Having trouble paying for brand-name prescriptions? Work with your doctor to see if you qualify for assistance
By Dr. Juan Escobar
As a practicing cardiologist in El Paso, I frequently encounter patients who confide in me that they are unable to afford the medications that I or other treating physicians prescribe for them. This is especially the case for El Paso County residents who happen to be seniors who are living on a fixed income, and also uninsured or underinsured patients, who depend on costly prescription medications for management of heart disease, diabetes, or hypertension.
While some conditions can be treated with less expensive generic medications, for some necessary treatments there are simply no generic alternatives. These brand name medications that are still protected under patent tend to be much more expensive and carry higher copays with most prescription drug plans. As a public health matter, not being compliant with the prescribed medication can result in long-term adverse effects and additional costs incurred from complications of inadequately treated chronic illnesses.
Additionally, there continues to be the “donut hole” for Medicare part D recipients that results in a spike in the copays, especially at the end of the calendar year, and cause great financial distress for patients and hard economic choices to be made.
The available and seldom-used assistance available to all patients is the patient assistance programs (PAP) that all pharmaceutical companies have in some form or another. These programs offer low cost or free prescription medications directly from the manufacturer to the patients via their treating physician or directly by mail.
It is important to note that each pharmaceutical company has different eligibility requirements and so the patient and treating physician need to navigate the process to get the benefit. In general, however, to be eligible the patient must be a citizen or permanent legal resident of the United States or Puerto Rico or U.S. Virgin Islands; prove you are uninsured or that your insurance doesn’t cover your medication; and importantly, meet certain income eligibility requirements.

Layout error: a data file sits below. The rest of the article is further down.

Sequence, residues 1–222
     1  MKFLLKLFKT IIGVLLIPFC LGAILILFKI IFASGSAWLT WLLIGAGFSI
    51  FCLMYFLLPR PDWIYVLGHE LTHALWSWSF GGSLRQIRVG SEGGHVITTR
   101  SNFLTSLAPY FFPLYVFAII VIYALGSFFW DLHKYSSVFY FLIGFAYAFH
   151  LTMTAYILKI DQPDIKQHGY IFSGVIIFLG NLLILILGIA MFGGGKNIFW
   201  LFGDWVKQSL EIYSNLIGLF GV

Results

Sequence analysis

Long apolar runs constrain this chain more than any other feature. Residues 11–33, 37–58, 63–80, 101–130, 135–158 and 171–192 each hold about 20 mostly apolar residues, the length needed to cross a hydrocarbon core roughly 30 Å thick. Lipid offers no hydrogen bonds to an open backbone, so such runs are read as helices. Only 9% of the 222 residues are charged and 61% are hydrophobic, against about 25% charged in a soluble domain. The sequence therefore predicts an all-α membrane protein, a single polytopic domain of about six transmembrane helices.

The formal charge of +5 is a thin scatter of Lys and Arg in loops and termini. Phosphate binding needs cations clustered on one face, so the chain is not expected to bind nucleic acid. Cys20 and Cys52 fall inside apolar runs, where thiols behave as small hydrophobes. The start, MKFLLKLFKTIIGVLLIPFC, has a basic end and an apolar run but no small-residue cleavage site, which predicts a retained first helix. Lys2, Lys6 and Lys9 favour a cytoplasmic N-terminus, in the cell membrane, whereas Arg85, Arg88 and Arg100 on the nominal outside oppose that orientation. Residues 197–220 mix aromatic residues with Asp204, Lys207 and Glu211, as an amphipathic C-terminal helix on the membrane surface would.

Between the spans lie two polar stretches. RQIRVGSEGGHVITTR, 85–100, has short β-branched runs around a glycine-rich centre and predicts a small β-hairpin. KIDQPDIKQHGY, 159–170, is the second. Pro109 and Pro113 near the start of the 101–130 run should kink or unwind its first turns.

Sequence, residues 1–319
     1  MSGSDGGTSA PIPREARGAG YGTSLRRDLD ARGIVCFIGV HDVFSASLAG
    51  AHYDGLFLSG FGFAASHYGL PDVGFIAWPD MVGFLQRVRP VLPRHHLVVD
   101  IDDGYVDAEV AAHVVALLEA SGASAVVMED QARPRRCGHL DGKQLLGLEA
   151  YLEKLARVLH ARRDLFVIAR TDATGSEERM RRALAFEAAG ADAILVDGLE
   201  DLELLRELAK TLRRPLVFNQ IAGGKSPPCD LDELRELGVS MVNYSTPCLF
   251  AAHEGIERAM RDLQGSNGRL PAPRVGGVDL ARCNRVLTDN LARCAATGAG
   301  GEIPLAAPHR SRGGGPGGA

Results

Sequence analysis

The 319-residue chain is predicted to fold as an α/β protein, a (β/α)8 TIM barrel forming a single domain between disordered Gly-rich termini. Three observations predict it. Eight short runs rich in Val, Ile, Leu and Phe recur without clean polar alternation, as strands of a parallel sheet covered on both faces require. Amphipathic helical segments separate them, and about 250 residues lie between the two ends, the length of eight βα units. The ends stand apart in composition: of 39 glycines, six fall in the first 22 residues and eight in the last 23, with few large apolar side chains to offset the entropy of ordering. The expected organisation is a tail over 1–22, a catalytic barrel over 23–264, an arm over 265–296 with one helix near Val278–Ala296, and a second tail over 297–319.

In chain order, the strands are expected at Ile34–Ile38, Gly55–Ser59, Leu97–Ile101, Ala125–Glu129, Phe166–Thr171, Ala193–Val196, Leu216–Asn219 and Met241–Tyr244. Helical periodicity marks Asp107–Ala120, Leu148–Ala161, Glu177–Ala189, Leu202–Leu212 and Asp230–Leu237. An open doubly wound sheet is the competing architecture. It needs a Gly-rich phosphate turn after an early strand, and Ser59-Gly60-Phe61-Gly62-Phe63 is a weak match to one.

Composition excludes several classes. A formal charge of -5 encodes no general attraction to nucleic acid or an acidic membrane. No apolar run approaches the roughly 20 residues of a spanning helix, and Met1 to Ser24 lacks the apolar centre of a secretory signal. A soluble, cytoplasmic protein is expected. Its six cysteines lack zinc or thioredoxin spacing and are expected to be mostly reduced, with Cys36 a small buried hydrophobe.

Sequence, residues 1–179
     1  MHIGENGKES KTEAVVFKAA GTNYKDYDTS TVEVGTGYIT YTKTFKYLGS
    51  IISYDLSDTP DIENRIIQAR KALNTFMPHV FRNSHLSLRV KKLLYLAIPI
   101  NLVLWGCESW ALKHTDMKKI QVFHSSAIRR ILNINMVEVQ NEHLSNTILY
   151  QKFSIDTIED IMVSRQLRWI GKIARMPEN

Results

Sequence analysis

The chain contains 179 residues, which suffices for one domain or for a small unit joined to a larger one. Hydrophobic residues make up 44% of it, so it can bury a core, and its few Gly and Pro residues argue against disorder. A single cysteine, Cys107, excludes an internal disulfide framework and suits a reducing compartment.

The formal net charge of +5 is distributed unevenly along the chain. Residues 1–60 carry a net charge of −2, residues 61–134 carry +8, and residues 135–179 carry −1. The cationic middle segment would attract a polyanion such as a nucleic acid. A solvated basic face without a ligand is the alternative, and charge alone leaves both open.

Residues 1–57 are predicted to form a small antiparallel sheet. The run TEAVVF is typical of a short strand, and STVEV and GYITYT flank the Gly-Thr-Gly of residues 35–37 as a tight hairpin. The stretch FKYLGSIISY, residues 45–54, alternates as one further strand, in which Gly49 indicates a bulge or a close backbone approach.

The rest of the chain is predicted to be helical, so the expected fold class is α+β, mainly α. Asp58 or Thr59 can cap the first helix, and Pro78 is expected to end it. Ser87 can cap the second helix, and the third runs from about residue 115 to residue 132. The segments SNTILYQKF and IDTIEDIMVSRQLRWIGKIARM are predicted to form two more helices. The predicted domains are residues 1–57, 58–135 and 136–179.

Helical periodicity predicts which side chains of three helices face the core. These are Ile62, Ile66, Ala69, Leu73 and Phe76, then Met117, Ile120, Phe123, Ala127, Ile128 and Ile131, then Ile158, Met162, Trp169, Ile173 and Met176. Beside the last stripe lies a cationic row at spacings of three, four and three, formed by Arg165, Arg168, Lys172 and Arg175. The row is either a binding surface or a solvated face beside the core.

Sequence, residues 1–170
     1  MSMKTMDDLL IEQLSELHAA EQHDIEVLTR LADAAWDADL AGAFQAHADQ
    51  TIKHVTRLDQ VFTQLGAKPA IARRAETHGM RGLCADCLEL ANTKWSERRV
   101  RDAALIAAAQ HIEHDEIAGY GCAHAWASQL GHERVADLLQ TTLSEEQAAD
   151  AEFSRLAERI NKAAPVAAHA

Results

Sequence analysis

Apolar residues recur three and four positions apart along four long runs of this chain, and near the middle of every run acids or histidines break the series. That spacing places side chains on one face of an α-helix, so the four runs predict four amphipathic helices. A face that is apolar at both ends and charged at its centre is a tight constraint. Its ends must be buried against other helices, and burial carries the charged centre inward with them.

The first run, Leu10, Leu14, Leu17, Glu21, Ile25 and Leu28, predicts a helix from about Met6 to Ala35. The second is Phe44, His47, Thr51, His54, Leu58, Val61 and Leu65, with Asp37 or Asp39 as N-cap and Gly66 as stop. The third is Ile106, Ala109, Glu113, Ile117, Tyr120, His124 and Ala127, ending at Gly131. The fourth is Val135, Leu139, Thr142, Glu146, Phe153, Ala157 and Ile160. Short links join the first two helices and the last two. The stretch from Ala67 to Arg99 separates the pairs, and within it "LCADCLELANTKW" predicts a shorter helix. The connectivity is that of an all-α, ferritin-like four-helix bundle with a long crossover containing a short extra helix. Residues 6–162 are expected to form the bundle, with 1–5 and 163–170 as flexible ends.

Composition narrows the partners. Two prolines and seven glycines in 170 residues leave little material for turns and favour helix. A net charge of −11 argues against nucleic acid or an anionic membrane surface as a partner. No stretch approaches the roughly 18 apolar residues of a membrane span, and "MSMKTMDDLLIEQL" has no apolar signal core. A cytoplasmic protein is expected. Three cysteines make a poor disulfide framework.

My advice is to sign up, contact your treating physician’s office and ask for the medical assistant to help you in the process and investigate which pharmaceutical company is the manufacturer of your brand name medication. In my office, we frequently assist eligible patients in this fashion, along with providing free samples and discount coupons.
It is important to understand that the coupons are not able to be used by Medicare patients, a frequent misconception.
Here’s an example of how this works. I prescribe Eliquis (apixaban) for which no generic substitute exists, for treatment of non-valvular atrial fibrillation and deep venous thrombosis. That medication is co-marketed by Pfizer and Bristol Meyers Squibb (BMS), both of which have patient assistance programs. Both companies have an 800 number to assist in getting the discount and a website with many details. In the case of BMS, the income cutoff is 300% of the federal poverty level, adjusted for family size.
In 2020, for a household size of one, the poverty level is $12,760, for a household two it is $17,240 and for a household size of three it’s $21,729. So BMS’s cutoff of 300% of the poverty level means that a single individual can make up to $38,280 a year and qualify for assistance; for a family of two, incomes up to $51,720 qualify. Larger family sizes are adjusted accordingly.
Furthermore, to be evaluated for assistance, patients and their health-care providers must submit a completed enrollment form. Patients must also provide proof of income, such as a W2 form, a paycheck stub, or prior year’s tax return. It is important to mention that the income and household asset requirements differ between all the companies and needs to be looked at individually.
In the long term, the best approach will be to pressure elected officials to lower prescription drug prices so that they are more affordable to all patients without the need to resort to complicated patient assistance programs. Until then, I would encourage everyone who is having problems affording their branded prescription medications to investigate whether they qualify for a PAP You may be surprised to learn you qualify.